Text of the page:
The mast datum mark is set at 90mm above the sheerline (this is mentioned in several rules and measurement instructions). One way of establishing this mark is to place a straight edge across the boat on the foreside of the mast resting on two narrow blocks cut exactly to 90mm and placed at the extreme outer edge of the deck where the sheerline would be. This is sometimes difficult when washboards are in place or the deck is heavily cambered. Alternatively, the straight edge can be placed above the obstructions and then the distance down the sheerline measured and a calculation made to establish the correct position for the datum mark.

An alternative is with the mast out of the boat, to again place a straight edge across the boat at the fore edge of the mast position either on the deck or above any obstructions. Measure from the straight edge to the mast step and measure the height of the straight edge above the sheerline, calculate the difference and transfer the measurement to the mast.

Many mast makers will leave the section over length so this is an important measurement to check as often a small amount will need to be cut from the tube for the mast to measure.

The mast datum mark position is also important in that it relates to the rig height and the “I” measurement. (Rules 13 & 15).


This controls the height of the foretriangle and is measured above the mast datum point. It is explained in Class Measurement Instruction 27 (M27). The maximum height to the intersection of the mast and forestay or spinnaker halyard whichever is higher is 9.750m above mast datum. From this you can see it is important that the datum point is correct.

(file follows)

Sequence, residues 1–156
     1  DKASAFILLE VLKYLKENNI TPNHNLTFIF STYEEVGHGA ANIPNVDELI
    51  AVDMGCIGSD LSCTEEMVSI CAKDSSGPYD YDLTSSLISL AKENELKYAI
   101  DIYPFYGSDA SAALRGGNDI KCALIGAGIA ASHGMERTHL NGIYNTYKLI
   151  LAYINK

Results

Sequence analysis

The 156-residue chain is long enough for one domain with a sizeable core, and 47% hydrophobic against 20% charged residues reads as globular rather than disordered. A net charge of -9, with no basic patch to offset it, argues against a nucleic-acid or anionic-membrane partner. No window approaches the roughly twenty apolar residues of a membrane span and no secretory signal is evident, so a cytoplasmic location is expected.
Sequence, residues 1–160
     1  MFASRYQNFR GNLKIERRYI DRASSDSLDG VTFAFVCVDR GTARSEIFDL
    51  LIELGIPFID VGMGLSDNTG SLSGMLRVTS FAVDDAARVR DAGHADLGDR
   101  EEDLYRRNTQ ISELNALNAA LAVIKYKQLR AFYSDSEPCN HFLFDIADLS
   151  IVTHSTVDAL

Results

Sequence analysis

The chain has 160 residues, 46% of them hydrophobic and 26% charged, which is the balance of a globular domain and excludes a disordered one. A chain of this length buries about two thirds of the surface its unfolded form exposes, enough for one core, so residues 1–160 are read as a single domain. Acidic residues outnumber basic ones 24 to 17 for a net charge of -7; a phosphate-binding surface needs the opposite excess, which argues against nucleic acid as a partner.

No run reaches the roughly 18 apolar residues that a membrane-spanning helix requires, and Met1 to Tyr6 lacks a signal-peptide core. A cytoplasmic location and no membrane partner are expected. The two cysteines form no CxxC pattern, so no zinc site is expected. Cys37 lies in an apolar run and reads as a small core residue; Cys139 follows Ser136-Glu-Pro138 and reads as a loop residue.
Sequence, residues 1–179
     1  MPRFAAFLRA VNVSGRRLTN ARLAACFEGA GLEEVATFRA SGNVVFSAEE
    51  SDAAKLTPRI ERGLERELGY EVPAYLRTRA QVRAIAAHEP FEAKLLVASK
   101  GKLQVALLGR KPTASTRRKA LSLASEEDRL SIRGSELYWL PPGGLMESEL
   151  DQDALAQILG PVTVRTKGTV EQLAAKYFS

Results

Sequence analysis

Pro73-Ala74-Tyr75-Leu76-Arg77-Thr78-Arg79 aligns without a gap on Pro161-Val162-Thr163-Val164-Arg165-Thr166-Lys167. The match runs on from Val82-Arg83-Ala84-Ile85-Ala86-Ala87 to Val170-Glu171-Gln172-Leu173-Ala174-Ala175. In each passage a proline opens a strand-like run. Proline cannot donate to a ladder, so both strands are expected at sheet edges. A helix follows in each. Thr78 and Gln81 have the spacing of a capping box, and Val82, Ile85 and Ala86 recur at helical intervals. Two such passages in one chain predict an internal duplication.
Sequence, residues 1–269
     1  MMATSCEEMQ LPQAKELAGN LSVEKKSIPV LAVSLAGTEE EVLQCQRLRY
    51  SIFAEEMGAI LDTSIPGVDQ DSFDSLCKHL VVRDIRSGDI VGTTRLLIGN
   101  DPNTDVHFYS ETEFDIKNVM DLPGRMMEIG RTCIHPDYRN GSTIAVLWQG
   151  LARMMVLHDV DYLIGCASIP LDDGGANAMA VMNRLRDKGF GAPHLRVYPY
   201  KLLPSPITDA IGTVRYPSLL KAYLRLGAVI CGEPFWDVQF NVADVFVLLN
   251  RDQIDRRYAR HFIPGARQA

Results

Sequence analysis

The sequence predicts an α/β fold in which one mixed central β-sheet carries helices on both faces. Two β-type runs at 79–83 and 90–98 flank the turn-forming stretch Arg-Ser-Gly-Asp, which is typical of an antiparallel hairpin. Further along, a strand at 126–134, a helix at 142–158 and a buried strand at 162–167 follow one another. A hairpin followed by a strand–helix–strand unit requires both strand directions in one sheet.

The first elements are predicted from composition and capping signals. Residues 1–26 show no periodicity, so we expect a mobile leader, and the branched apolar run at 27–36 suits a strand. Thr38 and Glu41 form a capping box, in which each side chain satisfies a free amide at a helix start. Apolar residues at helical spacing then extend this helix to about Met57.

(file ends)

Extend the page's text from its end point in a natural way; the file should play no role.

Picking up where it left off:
While we are in the foretriangle, we should also check the “J” dimension.


“J” is measured from the foreside of the mast (in its most aft position) to where the aft side of the forestay cuts the deck. This dimension is part of the rating calculation and must match the figure on the boats current certificate.

It relates directly to the spinnaker pole. The spinnaker pole is measured from the foreside of the mast to the outer end pulled out. (Details in M27). It should not be longer then “J”, or the longer figure will be used in the rating calculation. If a new spinnaker pole has been ordered at the “J” figure given on the rating certificate it will be to long and will need to be cut down to include the fittings on the mast.


This is simple to check when the mast is out of the boat. It is the distance between the upper edge of the band at the top of the boom position to the underside of the band at mast head. This must match the dimension on the rating certificate.

Finally, we can look at the boom.


The boom dimensions are covered in class rule 24 and this should be read for details, but generally the tube and sail track but without fittings must pass through a 137mm diameter circle.

The “B” measurement is again part of the rating calculation. It is measured (M27) along the top of the boom from the after side of the mast (excluding track or jackstay) to the fore edge of the band. An important point to note is that if the mast has an integral sail grove, the measurement is taken to the foreside of the grove. This may involve measuring this depth separately.


Although mentioned above, please remember that “I”, “J”, “A” and “B” dimensions form part of the calculations for sail area in the rating certificate and these figures must exactly match those on the boat itself.

D. Chivers
26 th March 2019
ISMA Archive Project & New ISMA Website
The new ISMA website is due to go live in early April so stay tuned for changes at

The ISMA Digital Archive project is also making excellent progress and is due to launch by the summer. To keep up with all the latest Archive news you can register to receive regular e-update s.